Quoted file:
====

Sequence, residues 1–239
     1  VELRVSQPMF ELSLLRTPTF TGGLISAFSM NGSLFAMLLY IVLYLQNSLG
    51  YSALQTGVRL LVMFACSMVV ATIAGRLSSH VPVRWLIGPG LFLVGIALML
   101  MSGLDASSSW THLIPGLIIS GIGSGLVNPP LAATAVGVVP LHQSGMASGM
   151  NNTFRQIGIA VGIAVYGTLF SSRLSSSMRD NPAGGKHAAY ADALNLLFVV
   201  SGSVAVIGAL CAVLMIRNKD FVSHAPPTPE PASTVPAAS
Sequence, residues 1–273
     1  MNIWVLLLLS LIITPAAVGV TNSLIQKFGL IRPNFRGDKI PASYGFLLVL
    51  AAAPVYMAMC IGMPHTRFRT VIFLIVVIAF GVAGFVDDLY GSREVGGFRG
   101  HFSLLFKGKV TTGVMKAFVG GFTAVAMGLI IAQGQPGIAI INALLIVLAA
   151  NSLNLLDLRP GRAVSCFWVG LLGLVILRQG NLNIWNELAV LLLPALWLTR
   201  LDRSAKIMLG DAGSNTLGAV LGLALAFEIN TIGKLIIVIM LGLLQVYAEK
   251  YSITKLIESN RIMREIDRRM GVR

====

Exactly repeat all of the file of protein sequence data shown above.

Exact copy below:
Sequence, residues 1–239
     1  VELRVSQPMF ELSLLRTPTF TGGLISAFSM NGSLFAMLLY IVLYLQNSLG
    51  YSALQTGVRL LVMFACSMVV ATIAGRLSSH VPVRWLIGPG LFLVGIALML
   101  MSGLDASSSW THLIPGLIIS GIGSGLVNPP LAATAVGVVP LHQSGMASGM
   151  NNTFRQIGIA VGIAVYGTLF SSRLSSSMRD NPAGGKHAAY ADALNLLFVV
   201  SGSVAVIGAL CAVLMIRNKD FVSHAPPTPE PASTVPAAS
Sequence, residues 1–273
     1  MNIWVLLLLS LIITPAAVGV TNSLIQKFGL IRPNFRGDKI PASYGFLLVL
    51  AAAPVYMAMC IGMPHTRFRT VIFLIVVIAF GVAGFVDDLY GSREVGGFRG
   101  HFSLLFKGKV TTGVMKAFVG GFTAVAMGLI IAQGQPGIAI INALLIVLAA
   151  NSLNLLDLRP GRAVSCFWVG LLGLVILRQG NLNIWNELAV LLLPALWLTR
   201  LDRSAKIMLG DAGSNTLGAV LGLALAFEIN TIGKLIIVIM LGLLQVYAEK
   251  YSITKLIESN RIMREIDRRM GVR